There are a number of hip places to sit down for a bite to eat and a cup of coffee. Our favorites are: Gonzo’s in Auke Bay, where one can enjoy the gastronomic frontier of waffle making along with delicious espresso; the Rookery downtown, is a great place to enjoy a pastry and some of Stump Towns finest; and Heritage’s flagship cafe also downtown, is popular among the professionals and tourists seeking a more Starbucks like experience.
If coffee is the second love of Juneauites then beer is their first love. Juneau has the honor of being home to the renown Alaskan Brewery. As such it should be of no surprise that most restaurants, bars, and liquor stores carry their full lineup including experimental releases. Midnight Sun, Barrinoff Island Brewery, and Denali round out the other popular Alaskan craft breweries.
Complimenting Juneau’s passion of fermented beverages is its a lively bar scene. The best way to experience the nightlife is by pub crawl. A walk down Franklin and front streets any night of the week will satisfy even the most thirsty among us.
- The Alaskan – A great place to have a beer and enjoy some old time folk music
- Imperial Saloon – Downtown Juneau’s closest thing to a nightclub.
- Rendezvous – Live Music, big bar, interesting crowd.
- Rockwell –The place to go if your beer requires the company of a tasty burger and live blues performances.
- Triangle Club – Juneau’s most friendly bar.
- Viking Bar – A little bit of everything, sports bar, nightclub, and billiards.
Juneau plays host to over a million visitors and tourist each year, as a result the community has developed an impressive tourism infrastructure. There are a number of helpful organizations that will happily point you in the right direction when planning your running adventure.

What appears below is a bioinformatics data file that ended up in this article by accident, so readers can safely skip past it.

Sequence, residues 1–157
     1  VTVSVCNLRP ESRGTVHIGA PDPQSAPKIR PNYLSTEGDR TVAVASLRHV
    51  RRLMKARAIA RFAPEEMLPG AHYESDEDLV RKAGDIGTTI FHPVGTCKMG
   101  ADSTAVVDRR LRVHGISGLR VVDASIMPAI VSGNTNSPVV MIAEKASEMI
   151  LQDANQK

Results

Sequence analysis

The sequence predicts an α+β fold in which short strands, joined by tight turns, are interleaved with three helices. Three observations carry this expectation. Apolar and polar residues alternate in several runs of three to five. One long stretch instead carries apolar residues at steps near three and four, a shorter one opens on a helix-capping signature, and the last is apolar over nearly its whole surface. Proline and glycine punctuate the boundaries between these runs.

Travel Juneau – The hardworking people at Travel Juneau bill themselves as the authoritative source on all thing Juneau. With helpful information on topics that include where to stay, what to pack, weather, things to do, stuff to see, and community events they are an essential resource for anyone planning an Adventure to Juneau.
Inside Passage Running – The folks behind Inside Passage Running have done the hard work for you. Checkout their detailed trail write ups before you head out on that interesting looking trail by the DOT offices at 7 mile on Glacier highway, you’ll be glad you did.
Juneau Trail Runners – The first of the two Facebook groups, comprised of local trail running enthusiasts. This is a closed group so one must ask permission from the admins before they may join. The members regularly plan runs and share information on trail conditions and other potential hazards that users might face.